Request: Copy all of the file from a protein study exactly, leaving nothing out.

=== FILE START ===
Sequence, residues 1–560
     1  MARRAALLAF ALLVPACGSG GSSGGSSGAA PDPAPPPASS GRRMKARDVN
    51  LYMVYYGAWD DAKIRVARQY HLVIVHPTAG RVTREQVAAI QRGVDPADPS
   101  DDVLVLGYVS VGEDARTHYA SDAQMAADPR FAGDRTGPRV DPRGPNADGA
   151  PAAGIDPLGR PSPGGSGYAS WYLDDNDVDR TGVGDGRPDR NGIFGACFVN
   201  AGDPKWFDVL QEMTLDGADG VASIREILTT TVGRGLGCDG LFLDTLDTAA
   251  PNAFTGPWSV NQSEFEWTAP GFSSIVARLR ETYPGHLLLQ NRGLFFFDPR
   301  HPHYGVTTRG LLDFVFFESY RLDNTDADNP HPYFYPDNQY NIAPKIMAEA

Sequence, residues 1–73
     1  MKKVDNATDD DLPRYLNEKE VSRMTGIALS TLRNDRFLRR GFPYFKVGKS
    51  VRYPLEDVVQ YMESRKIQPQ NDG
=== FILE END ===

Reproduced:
Sequence, residues 1–560
     1  MARRAALLAF ALLVPACGSG GSSGGSSGAA PDPAPPPASS GRRMKARDVN
    51  LYMVYYGAWD DAKIRVARQY HLVIVHPTAG RVTREQVAAI QRGVDPADPS
   101  DDVLVLGYVS VGEDARTHYA SDAQMAADPR FAGDRTGPRV DPRGPNADGA
   151  PAAGIDPLGR PSPGGSGYAS WYLDDNDVDR TGVGDGRPDR NGIFGACFVN
   201  AGDPKWFDVL QEMTLDGADG VASIREILTT TVGRGLGCDG LFLDTLDTAA
   251  PNAFTGPWSV NQSEFEWTAP GFSSIVARLR ETYPGHLLLQ NRGLFFFDPR
   301  HPHYGVTTRG LLDFVFFESY RLDNTDADNP HPYFYPDNQY NIAPKIMAEA

Sequence, residues 1–73
     1  MKKVDNATDD DLPRYLNEKE VSRMTGIALS TLRNDRFLRR GFPYFKVGKS
    51  VRYPLEDVVQ YMESRKIQPQ NDG